On the Horizon: A New Remote Catheter Manipulation System

Interview by Jodie Elrod In this interview, Gregory M. Ayers, MD, PhD, Medical Advisor of Catheter Robotics, Inc. (CRI), discusses their new catheter manipulation system.
Interview by Jodie Elrod In this interview, Gregory M. Ayers, MD, PhD, Medical Advisor of Catheter Robotics, Inc. (CRI), discusses their new catheter manipulation system.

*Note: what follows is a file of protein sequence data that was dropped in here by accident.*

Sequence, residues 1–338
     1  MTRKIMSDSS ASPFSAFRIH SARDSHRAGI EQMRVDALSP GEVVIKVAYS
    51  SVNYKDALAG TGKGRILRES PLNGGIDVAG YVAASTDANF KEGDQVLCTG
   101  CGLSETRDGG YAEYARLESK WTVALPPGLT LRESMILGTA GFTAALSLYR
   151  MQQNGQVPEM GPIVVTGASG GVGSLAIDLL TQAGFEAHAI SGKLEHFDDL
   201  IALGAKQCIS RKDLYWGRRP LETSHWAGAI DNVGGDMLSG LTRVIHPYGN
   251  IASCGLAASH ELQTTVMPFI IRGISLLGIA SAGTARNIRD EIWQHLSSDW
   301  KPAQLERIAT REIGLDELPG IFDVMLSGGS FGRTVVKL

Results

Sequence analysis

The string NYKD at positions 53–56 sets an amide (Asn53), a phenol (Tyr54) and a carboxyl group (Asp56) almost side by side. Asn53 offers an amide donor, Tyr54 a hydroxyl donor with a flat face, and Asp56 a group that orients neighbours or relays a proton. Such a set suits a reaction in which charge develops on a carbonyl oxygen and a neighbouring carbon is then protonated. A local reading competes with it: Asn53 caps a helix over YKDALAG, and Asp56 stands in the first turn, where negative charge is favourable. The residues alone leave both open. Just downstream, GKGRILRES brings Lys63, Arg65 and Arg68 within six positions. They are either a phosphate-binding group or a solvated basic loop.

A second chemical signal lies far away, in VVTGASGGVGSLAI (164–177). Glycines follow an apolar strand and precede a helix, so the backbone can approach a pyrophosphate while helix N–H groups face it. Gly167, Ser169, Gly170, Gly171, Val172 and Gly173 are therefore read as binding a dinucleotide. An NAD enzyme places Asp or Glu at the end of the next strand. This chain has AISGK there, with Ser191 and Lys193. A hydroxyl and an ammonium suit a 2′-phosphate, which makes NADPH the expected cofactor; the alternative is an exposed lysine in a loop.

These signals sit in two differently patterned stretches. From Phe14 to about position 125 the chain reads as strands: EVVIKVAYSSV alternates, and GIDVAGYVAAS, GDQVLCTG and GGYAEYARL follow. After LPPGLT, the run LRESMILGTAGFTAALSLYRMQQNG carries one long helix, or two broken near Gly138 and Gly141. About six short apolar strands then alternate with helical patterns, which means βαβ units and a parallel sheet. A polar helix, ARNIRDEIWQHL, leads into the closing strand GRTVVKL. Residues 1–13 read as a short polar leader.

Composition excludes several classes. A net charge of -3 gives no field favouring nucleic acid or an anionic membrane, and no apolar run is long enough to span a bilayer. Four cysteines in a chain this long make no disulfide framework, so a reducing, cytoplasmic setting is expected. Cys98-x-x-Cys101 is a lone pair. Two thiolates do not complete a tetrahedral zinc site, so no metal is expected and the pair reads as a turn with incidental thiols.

Tell us about the Catheter Robotics Manipulation System by CRI. What are the key features? The Catheter Robotics Manipulation System (Figure 1) design was based on the following principles: • The system allows remote manipulation of conventional, commercially-available EP catheters; • The remote control fully replicates the functions of the catheter handle; • No part of the robotic system enters the patient’s body; • The EP catheter enters the vasculature through a standard, commercially-available sheath-introducer in the groin; • At any point in a procedure, the catheter can be removed from the robotic system, manipulated manually and then placed back into the system for further remote manipulation; and, • All force is applied to the catheter through the handle, just as if it were held by the operator’s hand. The system is based on a remote control handle that allows manipulation and positioning of the tip of a catheter at the target location, thus eliminating the necessity for the operator to remain in close proximity to the fluoroscope. This is important since EP studies can be lengthy, occasionally exceeding 4-6 hours, with significant fluoroscopy times. With remote manipulation using this system, the operator can have full control of catheter navigation without being in the x-ray field. The system is comprised of a remote catheter manipulator (robot) with a remote control handle, which enables the user to control the robot that manipulates a standard EP catheter into 3 degrees: insertion and withdrawal; deflection; and rotation. The remote device replicates manual manipulation of the catheter handle and its various controls, allowing the physician using the remote control handle to remain out of the fluoroscopy field while still being able to accomplish the standard catheter maneuvers necessary to perform an EP study. In addition, at any point during the EP procedure, the operator can remove the catheter from the robot and manipulate it manually. The catheter can then be re-attached to the robot, and remote manipulation is resumed, all without breaking sterility. The system also does not require a special sheath introducer or sheath system; it is designed to manipulate catheters inserted through any standard introducer sheath. The system is designed to also manipulate any commercially available EP catheter; therefore, no special catheters are required. In addition, with the CRI system the catheter functions as if it was being manipulated by hand; therefore, if too much force is applied, it will buckle, just the same as it would during manual manipulation. In addition, the system does not change the normal catheter forces within the heart because the force is applied to the catheter from outside of the body, the same as with manual manipulation. Finally, robotic systems to date have been characterized by a high price tag coupled with the use of expensive and frequently limited disposable sheaths and catheters. This CRI system may be able to provide a less costly alternative while at the same time not limit a physician’s choice of sheaths and catheters. Can you tell us about the initial use of this system? In a series of animal studies we conducted, we were able to position the remotely manipulated catheter in close approximation to the catheter tip of the manually manipulated catheter, usually within 3-7 mm. Adequate tissue contact was achieved based on pacing thresholds obtained from both catheters. Additionally, equivalent His bundle recordings were obtained with robotic and with manual manipulation. There were no adverse events observed, including absence of cardiac perforation or cardiac damage indicative of the safety profile of the system. The studies also found that the catheter was easily removable from the robot seating, enabling manual manipulation if needed. Reengaging the catheter to switch back to remote navigation was simple as well. In all cases, the remote placement of catheters in both the atrium and ventricle produced pacing thresholds and electrogram recordings that were comparable to those of manually-placed catheters. Figure 2 shows the side-by-side usage of this system during the animal trials. What is the current status of the device? When will clinical trials on this system begin? Also, when do you think the system might be approved for clinical use in the U.S.? We are in the process of working with the FDA with the objective of beginning clinical trials and to ultimately secure 510k clearance for the device. In addition, CRI is in the recruitment phase for the clinical sites for the human trials. The company is hopeful that the system will complete the clinical trials and receive FDA clearance in early 2009. CRI’s robotic system will also be on display at the 2008 HRS meeting in San Francisco. Could you summarize your findings regarding CRI’s system? A prototype Catheter Robotics Manipulation System used in the animal studies appeared to be safe and effective when directing EP catheters into intracardiac sites. During the conduct of the animal study, we involved a clinical electrophysiologist who used the system and provided feedback, validating the various design features. We found that the design of the system (once approved for clinical use) would indeed allow electrophysiologists the opportunity to use their standard sheaths and catheters for remote navigation and mapping during EP procedures. We were able to show that the system would also provide immediate manual access to the catheter handle during robotic manipulation without removing the catheter from the heart (a feature not currently available in any approved EP robotic systems). This “manual override” feature appears to be a very useful and attractive safety feature. The CRI control station is about the size of an ablation catheter’s handle, which is quite different than the large workstations of other robotic systems. We have also found that the ergonomic design of the remote control handle (the simple control station for the system) is intuitive to the operator and requires minimal training. In addition, based on initial physician feedback, we believe that electrophysiologists around the world will ultimately enjoy this new and clearly differentiated catheter robotic system. Catheter Robotics unveiled their system at the 2008 Boston Atrial Fibrillation Symposium in January. What kind of feedback did you get? We exhibited a prototype of the CRI system at the Boston AF meeting, and gave attendees the opportunity to use the system in a simulated model (Figure 3). The overall feedback was very positive. Electrophysiologists had positive comments on the simplicity and intuitiveness of the system and the ability to use standard catheters and sheaths that they were familiar with using. They also found the small profile (especially the remote control handle) and the ability to have immediate access to the catheter for manual manipulation by easily removing the catheter from the system as significant advantages of the CRI system. In addition, they commented on their hope that the CRI system would have a lower price point than currently available robotic systems have today. For more information, please also see: Knight B, Ayers GM, Cohen TJ. Robotic positioning of standard electrophysiology catheters: A novel approach to catheter robotics. J Invasive Cardiol 2008;20:251-254.